CAN YOU EXPLAIN, OFFICERS?
The astonishing course of the phone hacking scandal so far has seen the humbling
of a media empire that many liberals will have seen as among their sworn
News International quite openly prostituted its tabloids’ political allegiance
to whichever party it felt would be most pliable in advancing its business
interests – one reason why its papers largely ignored the Lib Dems and vice
They were the papers that helped put Margaret Thatcher in office and in 1992 the
ones “what won it” for John Major. With the Tories doomed in the mid-1990s, they
switched without a bat of an eye to supporting Labour, which returned the favour
by doing nothing to control the Murdoch empire.
When they switched their allegiance back to the Tories in 2009, it was business
as usual, with senior figures in News International serving as both employees
and personal friends of the prime minister.
So far, the scandal has made David Cameron’s judgement look woeful, closed the
largest selling national newspaper, stalled the Murdoch bid to control BSkyB and
led to fresh calls for tougher press regulation.
But quite the most disturbing aspect so far has been the position of the police.
If a disinterested observer were to conclude that the original phone hacking
investigation was abandoned by the police because of a web of morally (if not
financially) corrupting links between the police and News International, that
observer would surely hold a reasonable view.
We have not, as yet, had any credible explanation from the police of why the
first investigation ended with two people charged and the conclusion that hardly
anyone was hacked. We also do not know who and what the police thought they were
protecting then, and may never know.
But the whole thing stinks and, given how important the integrity of the police
is to democracy, this matters a great deal more than does the conduct of News of
the World journalists, appalling as some of that was.
The felling of a Tory tabloid, and the caution that is likely to impose on the
Sun, might be causes for Lib Dem rejoicing. But the party should resist calls
for excessive regulation of the press, as Nick Clegg has rightly done.
The scandal would never have come to anything without fearless reporting by the
Guardian and Private Eye, and hasty legislation on the back of public outrage
will inevitably be a disaster.
WITHDRAW THE WHIP
Any Liberal Democrat peer who votes against House of Lords reform should lose
the party whip, a step that in itself would prevent them from being selected as
a party candidate for any future elected upper house.
A century ago, a Liberal government was locked in combat with the House of Lords
over getting its budget enacted. That battle took two general elections and was
resolved only messily by limiting the Lords’ power to one of delay rather than
rejection of legislation.
Since then, there have been various attempts to reform the Lords, each of which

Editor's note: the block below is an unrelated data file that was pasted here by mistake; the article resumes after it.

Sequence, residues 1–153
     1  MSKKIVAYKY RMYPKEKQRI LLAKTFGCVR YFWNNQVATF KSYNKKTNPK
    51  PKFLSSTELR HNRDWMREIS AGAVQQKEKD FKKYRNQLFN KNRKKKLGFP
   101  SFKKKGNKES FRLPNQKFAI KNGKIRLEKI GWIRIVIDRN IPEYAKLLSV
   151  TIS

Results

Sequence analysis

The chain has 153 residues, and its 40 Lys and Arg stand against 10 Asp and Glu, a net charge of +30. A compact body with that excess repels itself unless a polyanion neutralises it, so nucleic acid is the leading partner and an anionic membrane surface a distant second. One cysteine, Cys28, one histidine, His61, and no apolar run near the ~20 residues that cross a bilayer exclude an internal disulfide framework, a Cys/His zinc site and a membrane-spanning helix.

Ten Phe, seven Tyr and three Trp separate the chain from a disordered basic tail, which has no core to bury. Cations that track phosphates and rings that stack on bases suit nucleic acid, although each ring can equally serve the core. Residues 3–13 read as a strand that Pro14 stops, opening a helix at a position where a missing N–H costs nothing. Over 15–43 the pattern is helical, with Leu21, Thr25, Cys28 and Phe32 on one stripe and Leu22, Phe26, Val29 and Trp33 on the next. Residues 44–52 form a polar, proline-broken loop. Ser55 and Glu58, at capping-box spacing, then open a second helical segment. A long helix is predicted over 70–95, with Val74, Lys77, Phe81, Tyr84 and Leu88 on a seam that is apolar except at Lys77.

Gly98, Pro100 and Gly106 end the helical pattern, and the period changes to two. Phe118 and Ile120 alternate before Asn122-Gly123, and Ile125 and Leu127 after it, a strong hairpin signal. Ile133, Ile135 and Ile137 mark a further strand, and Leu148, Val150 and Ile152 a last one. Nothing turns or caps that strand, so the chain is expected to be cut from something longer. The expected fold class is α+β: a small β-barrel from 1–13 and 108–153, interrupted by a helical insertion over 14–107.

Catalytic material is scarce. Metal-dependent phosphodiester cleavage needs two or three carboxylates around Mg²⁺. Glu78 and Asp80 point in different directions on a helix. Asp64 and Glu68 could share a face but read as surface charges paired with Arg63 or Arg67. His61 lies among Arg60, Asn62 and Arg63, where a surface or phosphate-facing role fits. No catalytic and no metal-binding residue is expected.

has been torpedoed by powerful vested interests or by those who wanted to make
the best the enemy of the good.
A century after Asquith and Lloyd George realised that it is a fundamental
offence to democracy that unelected people should be able to make laws, their
successors now have a real opportunity to remove this anomaly, or at least to
reduce the number of unelected legislators to a proportion that makes them
Yet despite Lords reform having been party policy for a century, out of the
woodwork crawl those Lib Dem peers who rather enjoy their unelected and
unaccountable power and do not want to have to trouble themselves with anything
as vulgar as getting elected.
They enjoy the privileges and status of belonging to London’s ‘best club’ and do
not want to lose the right to ponce around in robes making laws to regulate the
lives of others while having no democratic mandate from anyone to do so.
The argument is advanced that peers are there for their expertise and that
experts would not necessarily be easily able to secure election.
This is specious on two grounds. Firstly, an upper house can take evidence from
any experts it chooses to. Secondly, peers are chosen for their expertise
usually in one or two fields, yet they are able to vote on legislation
concerning anything, including matters of which they may be wholly ignorant. Let
the new upper house summon evidence from those experts qualified to give it as
and when needed.
Another argument made is that the current House of Lords ‘works’. That claim
could have been made by members of the all-hereditary house of 1911, whose
members were doubtless of the same opinion in relation to their own rights and
The idea that those who make laws should be accountable to those who live under
those laws is intrinsic to liberalism, and the minority of Lib Dem peers who
want to frustrate reform so as to preserve their privileges and status are a
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